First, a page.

For a business with a strong content marketing focus HubSpot, out of the box, offers one of the most robust ecosystems in this sphere. It has CRM, CMS, social media marketing, and analytics by default. And if that's not enough, additional integrations with other industry-leading solutions like Salesforce fill in any gaps.
In short, if the focus of your blog is content marketing, use HubSpot. And if you are looking for more information on the differences between HubSpot and WordPress, this is a thorough comparison. The good news is that you can start with free versions and work up to premier marketing automation solutions.
Any LinkedIn member can create and publish their content using Pulse. This platform also allows you to track the demographics of your readers. You can see their industries, job titles, and locations. This can help build your reputation online, increase your credibility, and reach a large built-in audience. Many things you want to accomplish when blogging for business.
Once you publish a post, it becomes part of your profile and appears in your Posts section. Your followers and connections receive notifications of your new content. Any members who don't follow you but fit your industry or share connections can also receive an update about your post, which may convert them into followers.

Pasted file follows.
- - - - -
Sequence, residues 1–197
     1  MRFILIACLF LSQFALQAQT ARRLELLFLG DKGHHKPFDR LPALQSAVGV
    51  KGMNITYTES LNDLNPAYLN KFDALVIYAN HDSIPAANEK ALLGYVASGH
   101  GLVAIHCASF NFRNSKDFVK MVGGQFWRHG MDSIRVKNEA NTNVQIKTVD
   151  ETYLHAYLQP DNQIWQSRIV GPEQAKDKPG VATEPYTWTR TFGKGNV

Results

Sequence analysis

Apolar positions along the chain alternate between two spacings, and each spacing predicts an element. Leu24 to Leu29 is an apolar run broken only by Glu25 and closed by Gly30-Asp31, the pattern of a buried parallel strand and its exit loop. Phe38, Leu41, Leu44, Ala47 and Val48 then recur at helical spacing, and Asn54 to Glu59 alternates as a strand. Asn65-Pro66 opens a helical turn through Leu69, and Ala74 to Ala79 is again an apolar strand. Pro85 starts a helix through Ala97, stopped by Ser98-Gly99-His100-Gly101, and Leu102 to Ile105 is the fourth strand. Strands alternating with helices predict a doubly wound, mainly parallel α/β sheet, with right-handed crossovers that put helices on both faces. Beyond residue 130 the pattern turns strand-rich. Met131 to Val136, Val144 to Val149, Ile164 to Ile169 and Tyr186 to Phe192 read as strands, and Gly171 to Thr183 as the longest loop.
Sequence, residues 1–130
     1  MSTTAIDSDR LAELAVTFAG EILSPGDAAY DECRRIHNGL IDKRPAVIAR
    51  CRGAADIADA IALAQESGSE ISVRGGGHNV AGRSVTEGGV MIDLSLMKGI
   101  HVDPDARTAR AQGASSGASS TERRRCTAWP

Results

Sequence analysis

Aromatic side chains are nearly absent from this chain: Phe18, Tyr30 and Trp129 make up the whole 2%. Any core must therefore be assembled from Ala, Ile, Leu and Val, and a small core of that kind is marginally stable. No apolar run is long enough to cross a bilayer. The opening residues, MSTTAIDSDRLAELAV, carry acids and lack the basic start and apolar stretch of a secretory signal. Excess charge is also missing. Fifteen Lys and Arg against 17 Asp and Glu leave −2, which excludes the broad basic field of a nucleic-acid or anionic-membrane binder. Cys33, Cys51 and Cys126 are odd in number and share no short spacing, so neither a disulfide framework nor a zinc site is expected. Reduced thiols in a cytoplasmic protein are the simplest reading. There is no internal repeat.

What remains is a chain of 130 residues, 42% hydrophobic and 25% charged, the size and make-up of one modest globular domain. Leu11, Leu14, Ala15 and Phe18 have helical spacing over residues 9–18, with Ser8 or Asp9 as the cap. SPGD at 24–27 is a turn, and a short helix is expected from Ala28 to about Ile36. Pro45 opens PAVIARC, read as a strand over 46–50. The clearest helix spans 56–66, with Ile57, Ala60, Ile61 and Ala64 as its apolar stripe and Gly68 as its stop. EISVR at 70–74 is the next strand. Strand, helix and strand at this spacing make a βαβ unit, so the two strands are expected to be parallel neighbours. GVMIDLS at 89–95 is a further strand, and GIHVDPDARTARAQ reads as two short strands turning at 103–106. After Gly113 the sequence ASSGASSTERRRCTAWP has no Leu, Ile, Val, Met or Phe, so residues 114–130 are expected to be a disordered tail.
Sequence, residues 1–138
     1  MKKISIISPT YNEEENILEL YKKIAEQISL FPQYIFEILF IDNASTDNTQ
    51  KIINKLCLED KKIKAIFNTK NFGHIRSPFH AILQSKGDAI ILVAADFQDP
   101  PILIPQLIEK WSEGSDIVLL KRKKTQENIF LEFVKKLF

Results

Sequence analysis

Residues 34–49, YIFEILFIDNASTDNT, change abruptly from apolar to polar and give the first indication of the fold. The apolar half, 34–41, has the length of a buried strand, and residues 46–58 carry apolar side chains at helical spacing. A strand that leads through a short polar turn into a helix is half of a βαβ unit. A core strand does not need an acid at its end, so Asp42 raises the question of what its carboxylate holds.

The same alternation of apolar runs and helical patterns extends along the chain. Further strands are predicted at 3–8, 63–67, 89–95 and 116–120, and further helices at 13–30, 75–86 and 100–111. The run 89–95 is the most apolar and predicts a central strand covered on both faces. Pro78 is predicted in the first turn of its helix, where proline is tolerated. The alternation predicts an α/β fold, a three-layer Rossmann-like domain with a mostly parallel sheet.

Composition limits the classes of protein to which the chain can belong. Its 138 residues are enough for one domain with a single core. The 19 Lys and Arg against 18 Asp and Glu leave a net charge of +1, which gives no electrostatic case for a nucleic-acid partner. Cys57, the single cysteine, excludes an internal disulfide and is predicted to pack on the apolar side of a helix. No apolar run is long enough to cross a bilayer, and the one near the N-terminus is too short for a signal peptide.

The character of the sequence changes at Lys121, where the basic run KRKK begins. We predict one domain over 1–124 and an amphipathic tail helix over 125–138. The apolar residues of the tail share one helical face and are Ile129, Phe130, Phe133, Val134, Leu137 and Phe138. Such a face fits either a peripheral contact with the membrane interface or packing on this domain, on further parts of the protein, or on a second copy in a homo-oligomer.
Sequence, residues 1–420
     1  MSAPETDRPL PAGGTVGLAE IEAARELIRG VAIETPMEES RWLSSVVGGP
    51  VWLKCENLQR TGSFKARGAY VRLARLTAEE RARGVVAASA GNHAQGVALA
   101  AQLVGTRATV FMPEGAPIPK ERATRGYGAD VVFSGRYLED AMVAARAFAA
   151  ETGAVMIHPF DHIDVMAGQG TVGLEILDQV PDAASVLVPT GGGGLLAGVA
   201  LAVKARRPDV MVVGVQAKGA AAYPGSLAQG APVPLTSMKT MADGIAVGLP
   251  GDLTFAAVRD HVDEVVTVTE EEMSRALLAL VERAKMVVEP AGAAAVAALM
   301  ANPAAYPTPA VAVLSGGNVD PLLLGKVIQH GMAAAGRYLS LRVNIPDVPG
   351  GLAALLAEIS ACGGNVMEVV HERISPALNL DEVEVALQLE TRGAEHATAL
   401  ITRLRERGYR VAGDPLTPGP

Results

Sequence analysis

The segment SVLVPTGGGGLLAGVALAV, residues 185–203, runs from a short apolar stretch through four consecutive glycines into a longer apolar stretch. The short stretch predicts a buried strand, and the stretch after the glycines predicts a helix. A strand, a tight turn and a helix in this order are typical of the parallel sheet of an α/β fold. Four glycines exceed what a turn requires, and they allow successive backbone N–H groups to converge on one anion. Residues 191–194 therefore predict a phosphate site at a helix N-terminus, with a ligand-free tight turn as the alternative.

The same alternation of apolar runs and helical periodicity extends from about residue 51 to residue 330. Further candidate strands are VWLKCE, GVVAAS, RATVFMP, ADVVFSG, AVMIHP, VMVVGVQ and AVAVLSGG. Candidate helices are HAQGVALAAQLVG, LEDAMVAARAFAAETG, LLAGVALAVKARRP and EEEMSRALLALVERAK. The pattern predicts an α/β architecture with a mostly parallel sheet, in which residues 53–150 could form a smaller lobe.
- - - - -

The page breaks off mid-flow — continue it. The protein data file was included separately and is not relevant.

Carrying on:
You can connect with your target audience, write and publish useful content to engage customers and establish yourself as an industry thought leader. Pulse tells users of recommended content based on their connections, interests, and industries.
LinkedIn is, first and foremost, a social networking platform for C-suite and mid-level to more senior types, so it brings you an immediate audience and has SEO pull.
Medium is an easy-to-use blogging platform that has limited social networking features. It has become a community of writers, bloggers, journalists, and experts. It works like a social networking site in that you start by creating an account, setting up your preferences, interests, and so on, after which you can immediately start publishing.
Medium lets you have a blog separate from your company site, but you can link back and forth or to a page on the website.
There is no setup required and no coding skills needed. You immediately have access to an online community of people with similar interests. And you get to focus on your writing. There's no need to design a website.
On the negative side, very limited features for designing or building your brand exist. Medium owns your audience, so your followers go if you cease your blog.
That said, this platform has other positive aspects: the built-in audience, the additional SEO pull of being on a worldwide blogging platform, and the ability to link your Medium blog back to your company website.
So while we can't tell you what to do or which blogging platform perfectly meets your needs, hopefully, reading through this will help you figure out what platform or combination of platforms will work best for you and your business.